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Development of monotoring quidelines and modelling tools for environmental effects from Mediterranean aquaculture



In northern Europe, Canada, Tasmania and recently in Chile, considerable efforts have been made to assess interactions between aquaculture and the environment. Most models, guidelines, monitoring procedures, and environmental quality standards are, however, directed toward salmon farming. Although scientific knowledge on the impacts of salmonid farming has progressed substantially, very little is known of fish farming impacts in the Mediterranean. In the last decade aquaculture of sea bass (Dicentrarchus labrax) and gilthead sea bream (Sparus auratus) has experienced a period of exponential growth in the Mediterranean region. This process needs to be controlled in order to ensure a sustainable development of the aquaculture industry and to consider other aspects of an integrated management of the coastal zone, including tourism, fishery, and environmental protection.

Established guidelines for an initial impact assessment need to be complemented by subsequent impact monitoring.

Despite the rapid development of aquaculture in coastal areas of the eastern Mediterranean little has been published on the environmental impacts of this industry. Also, protocols, monitoring systems and techniques for the control of marine cage fish farms in Mediterranean conditions do not currently exist. In general, it has been assumed that these will, at least qualitatively, follow the pattern established in northern latitudes. Strategies developed and proven for salmon culture in northern Europe and elsewhere deliver comprehensive concepts, but need to be modified and adapted to the ecological particularities of the Mediterranean Sea. In addition to differences in the species cultured, the climate, the current regime, and the level of eutrophication, differences in the composition and diversity of fauna and flora between the North Atlantic and the Mediterranean Sea need to be addressed.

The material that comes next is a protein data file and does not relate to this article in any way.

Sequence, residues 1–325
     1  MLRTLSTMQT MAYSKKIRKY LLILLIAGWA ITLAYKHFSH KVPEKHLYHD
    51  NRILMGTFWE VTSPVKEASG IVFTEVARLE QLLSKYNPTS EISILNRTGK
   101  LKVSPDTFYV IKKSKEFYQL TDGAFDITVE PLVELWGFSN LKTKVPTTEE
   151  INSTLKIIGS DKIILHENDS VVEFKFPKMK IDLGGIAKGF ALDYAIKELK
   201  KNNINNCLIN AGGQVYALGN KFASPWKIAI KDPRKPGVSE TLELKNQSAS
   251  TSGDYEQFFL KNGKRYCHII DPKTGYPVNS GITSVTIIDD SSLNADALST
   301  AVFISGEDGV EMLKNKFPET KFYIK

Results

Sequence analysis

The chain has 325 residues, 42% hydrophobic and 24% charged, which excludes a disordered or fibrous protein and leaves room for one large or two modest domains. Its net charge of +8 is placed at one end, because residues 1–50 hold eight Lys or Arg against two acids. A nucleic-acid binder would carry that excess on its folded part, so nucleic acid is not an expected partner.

At eastern Mediterranean coastal sites, surface water temperatures are higher and water currents are generally weak, being driven by density and wind with an insignificant tidal component. Many areas are highly oligotrophic and may be phosphorus rather than nitrogen limited. Some evidence from acoustic and video surveys and diving surveys has suggested that the effects of mariculture on the benthic environment around fish cages in Greece are very much less than those typically experienced in comparatively eutrophic areas, for example in Scottish sea lochs. It has also been reported that large numbers of wild fish occur around the cages, in mid-water and near the bed and the suggestion made that the fish were responsible for consuming much of the waste food from the farm. Thus evidence of impact effects based on experience from studies of North Atlantic salmonid farms may well be unreliable if used for establishing controls for the Mediterranean mariculture industry. Environmental impact models which attempt to predict the degree of accumulation of wastes were developed and validated in strongly tidal North Atlantic areas and do not include terms relating to consumption of wastes by wild fish. Such models should be used with great caution, if at all, in non-tidal Mediterranean environments.

In order to address these concerns, the